Around this time last year I started reading Orlando Figes’ ‘A People’s Tragedy: The Russian Revolution, 1891-1924’. In many ways it was an unexpected read, after all, I’m normally pretty faithful to fiction. On the other hand, I’ve been a fan of Russian literature for years and it did make sense to finally learn something about the period in which it was written. Twelve months of wonderful reading later, and it is time to wrap up an incredibly enjoyable project. Thank you to everyone who has supported me along the way, from suggesting books to putting up with my own increasingly obscure recommendations. As predicted, it’s been a great reading year!
Best new discoveries
1. ‘Oblomov’ by Gonachrov. A must-read for anyone who sometimes would rather just stay in bed in the morning.
2. ‘The Golovlyov Family’ by Saltykov-Shchedrin. A depiction of the most evil family in Russian literature, and done so well!
3. Short stories by Andreyev. These tales are mystical and powerful, they truly changed by expectations for Russian literature and raised the bar significantly.
4. Teffi. She’s witty, intelligent and cosmopolitan. Exactly my kind of writer and a delight to discover.
5. Krzhizhanovsky. Reading Krzhizhanovsky is like taking part in an important battle against censorship. Now finally published, his stories are funny, profound, philosophical and fully capture what it is to love reading.
1. ‘A Hero of Our Time’ by Lermontov. This book didn’t mean much to me the first time round. Now, seeing it in context and discovering how important it was to the writers who followed, I fully understand its classic status.
2. Tolstoy. Just because.
3. Dostoyevsky. See Tolstoy.
4. ‘We’ by Zamyatin. Just as great as it was the first time round, and even more powerful for my new understand of how it fits into the canon of Russian science fiction.
5. ‘The White Guard’ by Bulgakov. On first reading, I was expecting another ‘Master and Margarita’. With the re-reading, I was able to really appreciate Bulgakov’s versatility. This is now one of my top ‘novels of the city’ as well as a wonderful novel of the revolution.
Best publishers (in alphabetical order)
1. Alma Classics. They introduced me to Goncharov through Steven Pearl’s wonderful translations and are busy compiling the most wonderful list of Russian classics, including lots and lots of Bulgakov.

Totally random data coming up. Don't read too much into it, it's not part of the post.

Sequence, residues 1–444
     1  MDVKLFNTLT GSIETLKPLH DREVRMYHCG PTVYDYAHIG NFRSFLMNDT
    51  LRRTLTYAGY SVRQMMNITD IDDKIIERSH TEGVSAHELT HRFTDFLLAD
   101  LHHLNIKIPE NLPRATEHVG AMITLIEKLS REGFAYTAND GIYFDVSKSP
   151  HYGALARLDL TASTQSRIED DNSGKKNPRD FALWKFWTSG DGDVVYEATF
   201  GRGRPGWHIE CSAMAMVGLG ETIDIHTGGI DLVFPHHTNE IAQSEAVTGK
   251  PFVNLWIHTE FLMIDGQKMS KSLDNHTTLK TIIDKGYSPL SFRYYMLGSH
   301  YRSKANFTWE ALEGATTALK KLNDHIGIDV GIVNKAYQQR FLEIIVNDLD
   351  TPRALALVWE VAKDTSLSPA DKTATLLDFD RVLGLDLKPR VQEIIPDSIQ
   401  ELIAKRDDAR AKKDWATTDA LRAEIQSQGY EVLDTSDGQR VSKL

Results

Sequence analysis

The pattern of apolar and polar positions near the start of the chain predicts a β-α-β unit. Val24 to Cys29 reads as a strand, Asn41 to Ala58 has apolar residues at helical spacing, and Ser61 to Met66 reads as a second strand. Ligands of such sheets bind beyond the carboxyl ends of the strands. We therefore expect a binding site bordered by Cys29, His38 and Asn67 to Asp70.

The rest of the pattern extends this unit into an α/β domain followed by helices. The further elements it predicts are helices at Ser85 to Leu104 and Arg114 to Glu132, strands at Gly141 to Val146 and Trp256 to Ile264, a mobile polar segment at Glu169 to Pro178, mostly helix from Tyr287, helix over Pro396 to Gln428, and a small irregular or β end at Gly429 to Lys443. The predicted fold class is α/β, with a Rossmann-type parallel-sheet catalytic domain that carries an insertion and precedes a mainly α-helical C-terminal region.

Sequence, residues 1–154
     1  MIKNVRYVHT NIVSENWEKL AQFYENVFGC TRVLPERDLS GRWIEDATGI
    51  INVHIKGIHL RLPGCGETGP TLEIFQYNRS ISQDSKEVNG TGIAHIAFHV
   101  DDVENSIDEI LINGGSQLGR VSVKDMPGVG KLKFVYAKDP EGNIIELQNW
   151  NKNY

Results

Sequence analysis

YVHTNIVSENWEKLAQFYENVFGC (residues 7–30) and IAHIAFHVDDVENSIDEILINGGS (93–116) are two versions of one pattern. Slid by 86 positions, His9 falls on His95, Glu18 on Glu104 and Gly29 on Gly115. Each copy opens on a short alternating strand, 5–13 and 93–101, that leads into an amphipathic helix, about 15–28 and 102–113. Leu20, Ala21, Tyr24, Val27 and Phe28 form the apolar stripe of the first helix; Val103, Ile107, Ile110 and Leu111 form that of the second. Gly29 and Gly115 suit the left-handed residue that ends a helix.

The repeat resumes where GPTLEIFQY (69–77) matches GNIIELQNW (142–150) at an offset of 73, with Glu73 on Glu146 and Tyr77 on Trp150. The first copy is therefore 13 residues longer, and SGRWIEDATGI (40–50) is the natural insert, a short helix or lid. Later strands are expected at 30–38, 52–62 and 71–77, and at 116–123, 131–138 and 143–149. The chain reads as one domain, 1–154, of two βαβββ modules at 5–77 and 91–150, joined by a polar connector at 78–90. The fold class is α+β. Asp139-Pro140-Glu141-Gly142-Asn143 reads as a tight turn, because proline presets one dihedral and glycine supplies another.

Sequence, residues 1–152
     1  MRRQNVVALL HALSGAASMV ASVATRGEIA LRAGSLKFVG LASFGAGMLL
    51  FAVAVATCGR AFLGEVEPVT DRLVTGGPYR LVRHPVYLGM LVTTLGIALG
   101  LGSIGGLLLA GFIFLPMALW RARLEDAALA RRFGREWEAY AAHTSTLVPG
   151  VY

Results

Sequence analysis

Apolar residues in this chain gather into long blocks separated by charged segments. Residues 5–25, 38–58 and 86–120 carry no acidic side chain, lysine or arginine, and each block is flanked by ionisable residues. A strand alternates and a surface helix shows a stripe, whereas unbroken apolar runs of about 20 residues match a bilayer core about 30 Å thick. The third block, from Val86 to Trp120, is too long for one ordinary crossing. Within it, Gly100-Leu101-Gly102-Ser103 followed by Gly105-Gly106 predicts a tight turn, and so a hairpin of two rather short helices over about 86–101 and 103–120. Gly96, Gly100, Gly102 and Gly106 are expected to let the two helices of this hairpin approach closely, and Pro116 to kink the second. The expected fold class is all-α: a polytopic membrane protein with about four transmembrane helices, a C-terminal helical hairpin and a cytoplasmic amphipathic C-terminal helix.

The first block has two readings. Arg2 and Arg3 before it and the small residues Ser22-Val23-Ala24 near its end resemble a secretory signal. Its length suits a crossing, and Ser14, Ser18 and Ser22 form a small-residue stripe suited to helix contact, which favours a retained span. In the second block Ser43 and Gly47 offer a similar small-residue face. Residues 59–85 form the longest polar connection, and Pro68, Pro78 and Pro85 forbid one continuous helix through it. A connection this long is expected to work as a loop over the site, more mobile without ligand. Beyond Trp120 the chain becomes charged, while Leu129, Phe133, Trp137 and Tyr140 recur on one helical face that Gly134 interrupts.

2. NYRB Classics. These publishers deserve every plaudit under the sun for making the work of censored Soviet writers Platonov and Krzhizhanovsky available to English readers.
3. Pushkin Press. With such a name it should be no surprise to see Pushkin on this list. They published ‘Subtly Worded’ by Teffi in 2014, and are also go-to authors for contemporary Russian literature, such as Elizarov’s ‘The Librarian’, which is very high on my reading list for 2016.
The ones that got away
1. I had hoped to take my reading up to Solzhenitsyn and was all ready to re-read his novels. The list just kept growing though, and I’m now resigned to saving him for next year.
2. A new read I was gearing myself up for was Vasili Grossman’s ‘Life and Fate.’ As with Solzhenitsyn though, the year ran away with me. I won’t forget though, and plan to spend a month or so getting to know Grossman in 2016.
1. Even though the novels I’ve covered for this project are great in isolation, they really are fantastic when read as a collection. Surprising new meanings, themes and relationships are suddenly evident and, while often I was re-reading, I was continually learning new things. Yes, it was intense, but it has been a great way to get to know a nation’s literature and I suspect I’ll be using this method again in the future.
2. No one should ever try to read all of Tolstoy’s fiction back to back. It’s a very foolish thing to do.
3. Lists grow. Initially, I thought I’d be covering about ten authors during the year. I had no idea how sprawling the project would become. It’s been well worth it though, four out of my five ‘best discoveries’ were of writers I’d never heard of until some way into the project.
4. Blogging is great. I like to think I would be have been this dedicated and systematic without the added spur of writing as I went along, but having the blog and the support of all you lovely readers has been an incredible boost the whole way through. A specific thank you to everyone who’s made suggestions along the way, neither Teffi nor Kollontai were my own idea – but I am very grateful that they were recommended!
My next project
Ha! Just kidding. I’m going to take a bit of a break from prescribed reading (except for my BAEM A-Z and my non-fiction challenge of course). As shown above, I’ve still got some loose ends to tie up with the Russian classics, meanwhile, my to-be-read pile has only been growing during this year. I do enjoy reading projects though, and, when I decide on a new one, I promise you’ll be the first to know.